In February 2005, Rotary Club of Koh Samui, ROCKS, ‘adopted’ the village of Tung Dap on the island of Koh Pratong on the west coast of Thailand. This community had been impacted by the tsunami of December 26th 2004, and had suffered loss of life and total loss of their homes. A commitment was made to support this small community for a period of two years, and do everything possible to help them regenerate the village and provide education for the children. Within those two years, ROCKS members made several visits to the area, and especially to Tung Dap. The villagers always made their visitors very welcome, and when they were re-established in their island home, extended warm hospitality.
In April 2005, President Paul Hawkins and President Elect Paul Watson led a delegation of ROCKS members to the Kuraburi area to witness for themselves the devastation caused by the tsunami. Members included Adèle Smith who was Chair of the committee tasked with administering the funds, Rotarian Nicolas Emmert and former Rotarians Wally Smith, Linda Cartlidge and Dieter Haebe. The group met Bodhi Garret, leader of an NGO, North Andaman Tsunami Relief, NATR, who worked closely with ROCKS throughout their two year commitment. Bodhi had arranged for a villager to transport the group to Koh Pratong by long tail boat. The trip across the narrow strip of water in a long tail boat was hazard free, but disembarking on the beach was not easy! Then the group was faced with a two kilometer walk through a blighted landscape of dead trees, and ruined mangrove swamps. On arrival at the village, empty of its people and houses, they found evidence of rebuilding of the village school by the Swiss Government. It was a pleasing sight in the middle of so much devastation. The group returned to the mainland and met some of the villagers displaced by the tsunami, living in a row of shacks erected by the Thai Government. They were remarkably stoical in the face of such personal tragedy.
In May 2005, a smaller party returned to the area to see what progress had been made, and to discuss projects with Bodhi and NATR. Adèle and Wally Smith with Rotarian Peter Breaks and his wife, Poom, retraced the steps of the earlier trip, and once again crossed the narrow strait of water to the island. This time, they were able to get ashore more easily at a newly repaired pier. Transport awaited them in the form of a small tractor pulling a trailer. While it was not the most comfortable of rides, it was easier than walking the two kilometers to the village. On the way, the group noted that trees had started to show signs of life, particularly the cashew nuts. When they arrived, they were delighted to see that some villagers had moved back, anxious to return to their normal lives. Boats had been repaired and the men folk were able to start fishing again. Houses were being constructed, again courtesy of the Swiss Government. Peter’s wife, Poom was able to talk with the villagers, and learned that they were in need of basic medicines to help them. The group also examined the well and pump mechanism, which was the only source of water on the island, and had only recently ceased to be brackish. The group returned to the mainland much heartened by what they had witnessed.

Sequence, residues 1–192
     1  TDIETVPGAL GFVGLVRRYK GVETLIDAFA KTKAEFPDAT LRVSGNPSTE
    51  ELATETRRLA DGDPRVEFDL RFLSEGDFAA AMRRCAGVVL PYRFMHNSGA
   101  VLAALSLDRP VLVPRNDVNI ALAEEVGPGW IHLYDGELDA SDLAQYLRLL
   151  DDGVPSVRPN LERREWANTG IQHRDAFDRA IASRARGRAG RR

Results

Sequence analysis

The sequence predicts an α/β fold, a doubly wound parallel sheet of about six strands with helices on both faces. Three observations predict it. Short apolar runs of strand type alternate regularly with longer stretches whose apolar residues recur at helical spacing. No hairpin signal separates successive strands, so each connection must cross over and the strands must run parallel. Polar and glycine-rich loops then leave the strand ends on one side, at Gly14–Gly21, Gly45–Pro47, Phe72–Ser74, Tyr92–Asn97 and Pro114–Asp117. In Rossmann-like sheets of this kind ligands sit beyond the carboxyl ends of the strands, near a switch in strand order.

In June 2005, another group made the journey, and found that things had moved on yet again. They also carried with them a gift of a large box of medicines, as promised during the previous visit. They were escorted by ‘wagon’ again, and while traveling through the mangrove swamps, saw evidence of replanting of these essential trees. The saplings had been sponsored by ROCKS, so it gratifying to see the results of this gift. Again the group witnessed more building, including a community centre, a vital centre of any village. There were also some children, evidence of returning confidence in the sustainability of life.
In September 2005, Adèle and Wally Smith again paid a visit. This time, they traveled by long tail boat through the mangrove swamps and were able to land directly in the village. They were amazed and delighted with the changes since June. The village was clearly thriving, with squid and crab pots being produced, and there was a small shop for fishing gear. There were more houses, each sporting a television aerial as the Thai Government had supplied solar panels to power televisions and lighting. The whole atmosphere was of bustle and busyness! There was even the start of a small garden near one of the houses. Before leaving, Adèle and Wally inspected a new playground for the children, furnished with equipment supplied by ROCKS. At the crucial moment of a ‘photo call’, no children were to be found to demonstrate the new equipment, so NATR volunteers and Wally were delighted to ‘play’ for the cameras. On return to the mainland, Wally and Adèle also visited a community, Bak Jok, which had been relocated to the mainland after being traumatized by the tsunami. There they had set up a community centre and were busy learning new skills. A group of them proudly showed off a model of Koh Pratong that they had crafted.